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Economy in Brief

Can China's Service Industry Take Up The Slack in Manufacturing?
by Louise Curley  October 4, 2011

The excess of optimists over pessimists among Chinese Purchasing Managers in the service industries rose to 53.00 in September from 50.64 in August foreshadowing increased output. Yesterday it was reported that the there was a slight excess of pessimists among the Chinese purchasing manages in the manufacturing sector, suggesting that lower output from the manufacturing sector may be in the offing. The PMI for manufacturing was 49.95 just below 50 which marks the dividing line between contraction and expansion. The PMIs for the manufacturing and the service industries are shown in the first chart.

While China is noted for its production of goods, provisions for services are almost as important. The Chinese divide output into three categories: Primary, including agriculture, animal husbandry, fishing and forestry; Secondary, including mining, quarrying, manufacturing and the supply of gas and electricity; Tertiary, which includes all activity not classified under Primary and Secondary. Manufacturing dominates the Secondary and Service, the Tertiary categories. Growth in the Primary Sector, in real terms, has been relatively steady at between 3% and 5% in a year. Real Growth in the Secondary and Tertiary sectors account for China's high growth rate. There has been some deceleration in China's real growth recently. From a rate of 11.9% in the first quarter of 2010, growth has declined to 9.6% in the second quarter of 2011. During this period, growth in Tertiary production declined from 10.2% to 9.2%, a much smaller decline that that in the Secondary production which declined from 14.5% to 11.0%. Growth in total GDP and Primary, Secondary and Tertiary Production are shown in the second chart.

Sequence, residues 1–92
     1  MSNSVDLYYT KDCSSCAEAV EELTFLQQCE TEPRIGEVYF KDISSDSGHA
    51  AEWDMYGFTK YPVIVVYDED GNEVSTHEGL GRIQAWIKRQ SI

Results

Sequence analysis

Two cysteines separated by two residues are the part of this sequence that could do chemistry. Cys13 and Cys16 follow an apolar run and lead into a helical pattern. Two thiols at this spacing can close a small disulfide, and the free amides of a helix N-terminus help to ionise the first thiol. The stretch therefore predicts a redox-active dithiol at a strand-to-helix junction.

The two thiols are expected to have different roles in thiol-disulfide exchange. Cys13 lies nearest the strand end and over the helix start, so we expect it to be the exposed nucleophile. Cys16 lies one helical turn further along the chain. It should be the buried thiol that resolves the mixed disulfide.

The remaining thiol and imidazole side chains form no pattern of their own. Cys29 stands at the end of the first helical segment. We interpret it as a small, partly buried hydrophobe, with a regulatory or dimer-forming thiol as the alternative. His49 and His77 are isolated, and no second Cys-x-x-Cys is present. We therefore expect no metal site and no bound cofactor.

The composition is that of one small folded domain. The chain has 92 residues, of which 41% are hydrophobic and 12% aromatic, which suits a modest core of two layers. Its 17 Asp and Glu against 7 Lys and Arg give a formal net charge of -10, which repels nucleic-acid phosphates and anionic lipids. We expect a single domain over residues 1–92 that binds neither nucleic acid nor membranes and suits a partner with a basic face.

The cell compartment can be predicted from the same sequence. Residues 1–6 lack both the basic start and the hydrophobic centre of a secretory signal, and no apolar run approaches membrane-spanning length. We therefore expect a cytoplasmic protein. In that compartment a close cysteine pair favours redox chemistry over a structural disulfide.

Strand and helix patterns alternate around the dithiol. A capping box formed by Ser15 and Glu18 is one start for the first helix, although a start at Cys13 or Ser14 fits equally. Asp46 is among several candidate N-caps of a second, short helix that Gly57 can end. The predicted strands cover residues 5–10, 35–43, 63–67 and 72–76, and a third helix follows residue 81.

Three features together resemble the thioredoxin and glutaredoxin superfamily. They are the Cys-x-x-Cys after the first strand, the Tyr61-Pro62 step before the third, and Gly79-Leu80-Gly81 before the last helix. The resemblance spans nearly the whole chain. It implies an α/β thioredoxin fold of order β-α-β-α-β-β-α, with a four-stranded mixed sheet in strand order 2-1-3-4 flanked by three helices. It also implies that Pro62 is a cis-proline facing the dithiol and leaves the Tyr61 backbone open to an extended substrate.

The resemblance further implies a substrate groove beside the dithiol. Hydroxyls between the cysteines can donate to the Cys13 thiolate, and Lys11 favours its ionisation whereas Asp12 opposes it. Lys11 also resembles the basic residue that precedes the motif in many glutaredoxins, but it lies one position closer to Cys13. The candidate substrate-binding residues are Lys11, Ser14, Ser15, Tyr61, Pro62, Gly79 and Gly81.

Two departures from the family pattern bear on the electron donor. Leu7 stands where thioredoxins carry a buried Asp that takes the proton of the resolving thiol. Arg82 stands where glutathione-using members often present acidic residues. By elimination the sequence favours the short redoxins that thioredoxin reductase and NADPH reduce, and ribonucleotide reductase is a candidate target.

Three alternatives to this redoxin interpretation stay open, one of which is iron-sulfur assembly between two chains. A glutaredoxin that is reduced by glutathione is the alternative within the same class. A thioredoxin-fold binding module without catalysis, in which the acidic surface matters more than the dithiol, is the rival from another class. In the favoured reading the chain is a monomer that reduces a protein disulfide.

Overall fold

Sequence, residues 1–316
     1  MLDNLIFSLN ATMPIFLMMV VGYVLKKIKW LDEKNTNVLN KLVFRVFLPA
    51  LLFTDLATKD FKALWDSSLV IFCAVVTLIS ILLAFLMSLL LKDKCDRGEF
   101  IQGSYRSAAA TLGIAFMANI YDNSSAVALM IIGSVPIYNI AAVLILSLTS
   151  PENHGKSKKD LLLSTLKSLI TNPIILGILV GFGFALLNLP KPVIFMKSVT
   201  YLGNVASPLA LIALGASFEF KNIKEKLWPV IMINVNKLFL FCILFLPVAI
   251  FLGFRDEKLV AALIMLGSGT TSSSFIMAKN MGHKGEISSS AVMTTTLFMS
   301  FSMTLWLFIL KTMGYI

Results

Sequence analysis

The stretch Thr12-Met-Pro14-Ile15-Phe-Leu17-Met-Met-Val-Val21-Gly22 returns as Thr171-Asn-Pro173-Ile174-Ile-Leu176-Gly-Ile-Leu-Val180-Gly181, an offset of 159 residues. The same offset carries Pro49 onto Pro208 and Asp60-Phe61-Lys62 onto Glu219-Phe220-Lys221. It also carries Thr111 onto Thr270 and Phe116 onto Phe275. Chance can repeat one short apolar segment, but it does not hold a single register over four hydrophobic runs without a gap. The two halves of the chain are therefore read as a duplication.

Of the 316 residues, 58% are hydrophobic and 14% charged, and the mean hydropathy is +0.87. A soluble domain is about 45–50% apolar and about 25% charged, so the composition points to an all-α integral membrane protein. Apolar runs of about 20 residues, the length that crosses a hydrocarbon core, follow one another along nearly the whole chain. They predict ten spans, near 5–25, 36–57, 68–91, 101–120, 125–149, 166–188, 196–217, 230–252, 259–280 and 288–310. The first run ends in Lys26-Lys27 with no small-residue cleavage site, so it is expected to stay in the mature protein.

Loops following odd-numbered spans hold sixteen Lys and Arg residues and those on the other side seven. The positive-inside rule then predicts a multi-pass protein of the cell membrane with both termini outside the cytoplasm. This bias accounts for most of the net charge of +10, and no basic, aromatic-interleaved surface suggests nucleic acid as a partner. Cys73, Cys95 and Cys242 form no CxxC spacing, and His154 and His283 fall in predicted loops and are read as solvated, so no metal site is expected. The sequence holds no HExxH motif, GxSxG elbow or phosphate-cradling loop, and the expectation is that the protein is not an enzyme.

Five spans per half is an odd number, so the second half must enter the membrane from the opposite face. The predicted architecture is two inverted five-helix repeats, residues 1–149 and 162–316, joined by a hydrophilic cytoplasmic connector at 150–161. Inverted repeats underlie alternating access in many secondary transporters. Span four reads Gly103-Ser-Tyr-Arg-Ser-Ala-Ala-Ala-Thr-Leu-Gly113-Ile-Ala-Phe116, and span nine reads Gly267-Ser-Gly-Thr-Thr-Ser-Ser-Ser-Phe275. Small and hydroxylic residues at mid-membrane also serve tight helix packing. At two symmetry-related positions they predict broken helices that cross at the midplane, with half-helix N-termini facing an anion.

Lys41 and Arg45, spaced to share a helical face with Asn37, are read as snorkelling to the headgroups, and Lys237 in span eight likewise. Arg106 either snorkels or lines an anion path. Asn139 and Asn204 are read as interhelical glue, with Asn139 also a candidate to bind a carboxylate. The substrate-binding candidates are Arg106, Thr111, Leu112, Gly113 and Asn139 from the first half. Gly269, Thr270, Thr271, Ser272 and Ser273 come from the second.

Over the years, there has been a steady decline in the share of primary production in total output. From a share of about 15% in 2000 primary production now accounts for about 10%. Both Secondary and Tertiary production have increased their shares of total output, Secondary production has gone from 45% to 47% from 2000 to the present while Tertiary production has gone from 39% to 42%. The shares of Secondary and Tertiary production are shown in the third chart.

Further increases in the share of services in China's total output will depend on how soon and how vigorously the government makes good on its promise to shift policy from export oriented growth to one based on increasing domestic demand.

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